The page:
And we don’t put our kids in jail for bringing home C minuses, which is the alternative, quite often, when it comes to drug policy.
Yeah, we certainly do that, in terms of drugs. The thing is though, we don’t put all of our kids in jail, we put some kids in jail, the kids we don’t like, those are the ones who go to jail. That’s a problem, that’s one of the things I argue in the book, that we should decriminalize all drug possessions. I argue that because it just doesn’t seem to make any sense that we are arresting all of these people for these minor drug infractions. But arresting these people has created a large number of jobs for certain people in our society. And politicians look like they are doing their jobs. So a lot of people are benefiting from having these types of laws.
You say addiction is not an equal opportunity affliction, in that it affects the poor with more frequency than it does the middle class or the rich because the poor have fewer opportunities. That runs counter to my experience. If you have more money, maybe it just makes you better able to get by, to lessen the repercussions, so that there may be just as many rich drug addicts as poor.
Well, no, you just hit it. The major thing I’m talking about are the consequences, what you just said. The fact is wealth can protect you from a number of things. You have heart disease. We all can get heart disease, but if you’re wealthy, you can deal with it better and the consequences can be not as severe as for poor people. Poor people die more often from HIV-related illnesses, not because they are more physically susceptible, but because they have limited resources to deal with it. The same is true of drug addiction. That’s all. I’m not saying that poor people are more likely to become drug addicts, but they are certainly more likely to have the negative consequences happen as a result of their drug addiction.
The last question I have is that I thought it was really interesting when you were talking about “set and setting,” the phrase popularized by Timothy Leary, about how drug effects are not determined just by their pharmacology, but by all the things that are going on in the environment. I was wondering if you could talk about that and its implications for the wider political sphere.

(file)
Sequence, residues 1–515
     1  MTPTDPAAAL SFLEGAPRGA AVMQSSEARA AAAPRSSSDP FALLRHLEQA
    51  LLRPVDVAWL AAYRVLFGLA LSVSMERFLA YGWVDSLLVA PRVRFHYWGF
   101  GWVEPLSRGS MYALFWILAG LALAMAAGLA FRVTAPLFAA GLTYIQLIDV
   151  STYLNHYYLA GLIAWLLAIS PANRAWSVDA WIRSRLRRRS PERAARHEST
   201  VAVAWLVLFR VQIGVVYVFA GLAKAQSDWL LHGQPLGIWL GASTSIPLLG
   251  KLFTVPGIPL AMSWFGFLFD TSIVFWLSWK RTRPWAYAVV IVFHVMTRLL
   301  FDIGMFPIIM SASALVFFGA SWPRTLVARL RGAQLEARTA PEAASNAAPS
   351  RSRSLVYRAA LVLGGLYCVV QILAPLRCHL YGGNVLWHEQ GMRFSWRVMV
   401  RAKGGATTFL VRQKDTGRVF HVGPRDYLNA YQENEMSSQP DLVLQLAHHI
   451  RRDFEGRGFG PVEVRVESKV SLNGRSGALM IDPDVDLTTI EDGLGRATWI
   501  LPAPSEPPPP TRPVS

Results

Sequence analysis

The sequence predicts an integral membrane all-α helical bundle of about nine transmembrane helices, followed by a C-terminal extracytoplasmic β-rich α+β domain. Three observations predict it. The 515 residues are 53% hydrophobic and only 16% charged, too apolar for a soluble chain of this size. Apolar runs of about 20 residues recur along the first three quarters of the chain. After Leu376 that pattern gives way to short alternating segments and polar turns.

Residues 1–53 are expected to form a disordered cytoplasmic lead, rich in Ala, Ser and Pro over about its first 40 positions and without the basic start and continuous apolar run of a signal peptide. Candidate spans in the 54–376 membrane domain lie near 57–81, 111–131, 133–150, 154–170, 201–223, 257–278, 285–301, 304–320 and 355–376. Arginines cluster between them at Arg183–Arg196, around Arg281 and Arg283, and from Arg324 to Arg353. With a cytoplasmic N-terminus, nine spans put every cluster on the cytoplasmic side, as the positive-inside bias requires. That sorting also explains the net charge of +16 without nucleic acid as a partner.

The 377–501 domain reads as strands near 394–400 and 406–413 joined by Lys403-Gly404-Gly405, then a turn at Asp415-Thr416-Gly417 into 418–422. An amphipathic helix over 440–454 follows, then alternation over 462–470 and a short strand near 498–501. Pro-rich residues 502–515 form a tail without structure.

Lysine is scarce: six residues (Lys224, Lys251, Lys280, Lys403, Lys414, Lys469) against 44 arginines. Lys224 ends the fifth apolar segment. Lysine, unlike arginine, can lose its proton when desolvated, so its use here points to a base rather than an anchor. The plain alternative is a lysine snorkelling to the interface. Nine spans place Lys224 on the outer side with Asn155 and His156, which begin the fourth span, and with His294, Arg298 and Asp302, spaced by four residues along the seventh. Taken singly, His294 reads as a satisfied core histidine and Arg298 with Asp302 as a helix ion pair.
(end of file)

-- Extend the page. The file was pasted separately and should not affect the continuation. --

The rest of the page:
So, “set and setting.” First of all, people understand this easily when you think about alcohol - if you give the same alcoholic beverage to someone who doesn’t drink at all, you’ll see different effects, simply because one person is tolerant versus the other. We all get that. That is “the set.” The same is true with heroin, the same is true with cocaine: if you’ve got somebody who uses the drug on a more regular basis versus somebody who doesn’t. Marijuana - you know, someone can smoke a lot of weed, and they’re getting nice and blasted on their weed, but you give the same amount to some inexperienced person, you might see some paranoia, some anxiety, a wide range of negative effects. But that’s all about set. And so people should be cognizant of that. If you’re aware of that sort of thing, if you’re getting high with someone who’s more experienced, you don’t try and hang out, don't try to do the same amount as them, that’s stupid. And so you want to make sure people understand that you start off slowly. Crawl before you walk, that’s all that is. Setting. Setting is so important because if you’re using these psychoactive drugs, which are potentially dangerous, and they’re powerful, they can be at the right doses, if you’re getting high in a situation that is anxiety-provoking, uncomfortable, and you’ve taken a nice, large dose, that’s not good. You’re setting yourself up, particularly if you’re getting high with people you don’t know, you don’t trust. That’s a horrible situation. So you want people to understand that if you are getting intoxicated with any of these drugs, that you do it in a comfortable setting with people you trust. It changes the experience radically, and that has little to do with pharmacology itself, it has more to do with set and setting, and if people understood those things, they would have a better time.
Hallie Hart Hodenfield is a regular contributor to The Fix. She last interviewed Gabrielle Glaser.